But I wasn’t fifteen when I read them. I was old enough to be troubled by the obsessive natures of both the protagonist and her love interest. Don’t both of them attempt suicide when they think they can’t have the other? Yeah, it didn’t work out for Romeo and Juliet either, and they were far more honest about being sexually frustrated teenagers. Oh, and Edward Cullen? You’re a pedophile. Yes, you have the body of a teenager, but you’re a hundred years old. Why are you hanging out in a high school (that goes for your creepy “brothers and sisters” too)? If I were a vampire, I’d hang out in a high school, but I’d do it for the bountiful feast sitting in the uncomfortable desks and brooding in the hallway between lockers. The Cullens don’t have that excuse: they’re vegetarians. Continuing with the pedophilia…I don’t care how often Stephanie Meyer tried to explain how “imprinting” wasn’t the same as “creepily-being-in-love-with-an-infant,” I’m not buying.
Game of Thrones is less sexually perverse.
Sure, vampires can be sexy. But please don’t forget they’re actually monsters and any interest they have in humans should be limited to one of two things: 1 – I’m hungry and 2 – The only way I can procreate is if I bite you. (I’m aware of the mythology that supports Bella getting knocked up with Edward’s baby. I’m just being traditional. Vampires shouldn’t sparkle and they shouldn’t be able to impregnate someone.)
Dear Stephanie Meyer: please grow up and read Dracula or the Anne Rice novels. They might scare you a little, and you won’t be comfortable with dealing with “non-vegetarian” vampires, but I promise you: you will understand why the above picture is hilarious. You may also want to consider the psychological reasons behind your need to sympathize with a brand of “vampire” that clearly should be on the losing side of any supernatural war.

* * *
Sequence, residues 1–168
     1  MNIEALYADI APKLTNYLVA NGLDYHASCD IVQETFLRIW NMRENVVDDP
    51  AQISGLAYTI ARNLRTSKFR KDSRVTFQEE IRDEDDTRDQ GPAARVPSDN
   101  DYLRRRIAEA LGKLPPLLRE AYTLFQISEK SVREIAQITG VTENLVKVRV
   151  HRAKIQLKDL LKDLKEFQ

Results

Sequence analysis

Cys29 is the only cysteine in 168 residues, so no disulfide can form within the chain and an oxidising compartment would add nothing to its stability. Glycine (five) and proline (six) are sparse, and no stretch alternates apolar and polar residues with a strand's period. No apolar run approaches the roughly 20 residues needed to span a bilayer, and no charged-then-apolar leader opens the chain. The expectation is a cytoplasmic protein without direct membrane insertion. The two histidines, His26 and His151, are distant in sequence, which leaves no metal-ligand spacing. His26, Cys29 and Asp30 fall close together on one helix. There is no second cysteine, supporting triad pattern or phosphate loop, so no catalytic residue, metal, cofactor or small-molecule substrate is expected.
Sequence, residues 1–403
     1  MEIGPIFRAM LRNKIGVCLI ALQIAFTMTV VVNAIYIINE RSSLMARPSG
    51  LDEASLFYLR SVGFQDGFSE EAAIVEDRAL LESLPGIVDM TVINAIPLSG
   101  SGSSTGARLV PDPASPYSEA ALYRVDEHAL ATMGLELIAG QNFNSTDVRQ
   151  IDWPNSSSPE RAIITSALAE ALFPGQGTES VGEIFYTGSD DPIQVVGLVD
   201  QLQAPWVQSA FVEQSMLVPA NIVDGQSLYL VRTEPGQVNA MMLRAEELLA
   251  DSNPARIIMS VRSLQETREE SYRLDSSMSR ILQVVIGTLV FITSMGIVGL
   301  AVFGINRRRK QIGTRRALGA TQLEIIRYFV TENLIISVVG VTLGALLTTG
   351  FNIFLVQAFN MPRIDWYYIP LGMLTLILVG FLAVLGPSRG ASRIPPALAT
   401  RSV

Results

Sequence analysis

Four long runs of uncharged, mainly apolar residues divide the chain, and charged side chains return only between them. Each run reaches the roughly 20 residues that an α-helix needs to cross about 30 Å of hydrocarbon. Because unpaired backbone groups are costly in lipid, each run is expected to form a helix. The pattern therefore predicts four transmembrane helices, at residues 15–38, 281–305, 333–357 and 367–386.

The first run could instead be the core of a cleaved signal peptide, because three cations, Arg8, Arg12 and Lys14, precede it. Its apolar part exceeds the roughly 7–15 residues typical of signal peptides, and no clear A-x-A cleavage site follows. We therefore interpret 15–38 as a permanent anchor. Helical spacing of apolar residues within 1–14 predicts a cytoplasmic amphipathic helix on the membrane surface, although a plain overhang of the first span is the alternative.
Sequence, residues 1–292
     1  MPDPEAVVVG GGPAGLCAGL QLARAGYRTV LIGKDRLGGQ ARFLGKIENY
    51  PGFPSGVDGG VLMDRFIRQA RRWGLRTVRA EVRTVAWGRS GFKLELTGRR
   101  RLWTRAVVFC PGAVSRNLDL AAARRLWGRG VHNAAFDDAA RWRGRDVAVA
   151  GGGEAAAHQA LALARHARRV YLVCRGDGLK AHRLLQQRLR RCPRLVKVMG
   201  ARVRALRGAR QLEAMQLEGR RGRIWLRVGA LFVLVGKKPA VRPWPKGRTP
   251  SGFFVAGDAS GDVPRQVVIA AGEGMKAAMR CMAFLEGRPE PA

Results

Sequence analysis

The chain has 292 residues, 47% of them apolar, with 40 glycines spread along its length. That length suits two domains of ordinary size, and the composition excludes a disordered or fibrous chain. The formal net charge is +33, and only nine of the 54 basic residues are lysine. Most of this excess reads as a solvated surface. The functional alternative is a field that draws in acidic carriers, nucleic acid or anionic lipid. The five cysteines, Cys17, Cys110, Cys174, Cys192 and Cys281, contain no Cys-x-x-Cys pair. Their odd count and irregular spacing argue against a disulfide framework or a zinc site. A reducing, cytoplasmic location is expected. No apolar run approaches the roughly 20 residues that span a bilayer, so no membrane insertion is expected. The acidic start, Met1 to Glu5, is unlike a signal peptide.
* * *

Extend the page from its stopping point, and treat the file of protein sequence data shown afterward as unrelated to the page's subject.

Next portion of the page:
xoxo – All of us.
The first time I saw Doctor Who…I hated it. Yeah. You read that right. Wanted nothing to do with it. Although my memories of that first time are hazy, I believe the episode I was watching was #187, “Utopia.” That’s the episode where the Tenth Doctor runs into his arch nemesis, The Master. I didn’t like any of it. Thought it was dumb. Hated Jack Harkness.
It happened slowly over time. A little bit here. A little bit there. And then I got Netflix…I started watching Chris Eccleston as the Doctor. Fell in love. Rose Tyler was fantastic. The two of them together were brilliant. Jack Harkness came into play. How could I have hated him before. He was…I have to say it…delicious.
David Tennant stepped in. Surely no one could replace Chris Eccleston. But Tennant had me at “It…is…protected.” Fell in love. Again. And this time, I found I was a “Tenth Doctor” kind of girl. Cracked.com recently published an article about insane fan boys becoming involved in their obsessions. There, they discuss how David Tennant’s craze for the Fourth Doctor and his amazing scarf inspired him to be the actor who would one day become THE TENTH DOCTOR!!! He introduced us to the weeping angels (the episode that finally made me put Doctor Who in my Netflix queue). He defeated The Master. I wept like a baby when Rose (SPOILERS) got trapped in another dimension. I laughed like an idiot when he and Donna saw each other for the first (second) time in the Adipose office. And with him, we met….River Song. *Squee* I cried when he regenerated into Matt Smith. I didn’t want Matt Smith. Booo to the 11th Doctor.
And then I fell in love with the Eleventh Doctor. Matt Smith’s brilliance is that he so easily shifts between the young, manic madman in a box and the old, old world-weary man. Yes, Doctor, fezes are cool, and so are bow ties. Also, Neil Gaiman wrote “The Doctor’s Wife,” which was a brilliant episode. Love.
I can’t wait for next season to start, and I’m so glad I got into the show. I have to watch it when my husband isn’t home, for he is a “hater,” but I guess it’s fair. I hate Magic: The Gathering. He can hateThe Doctor…
Nevermind. He so can’t.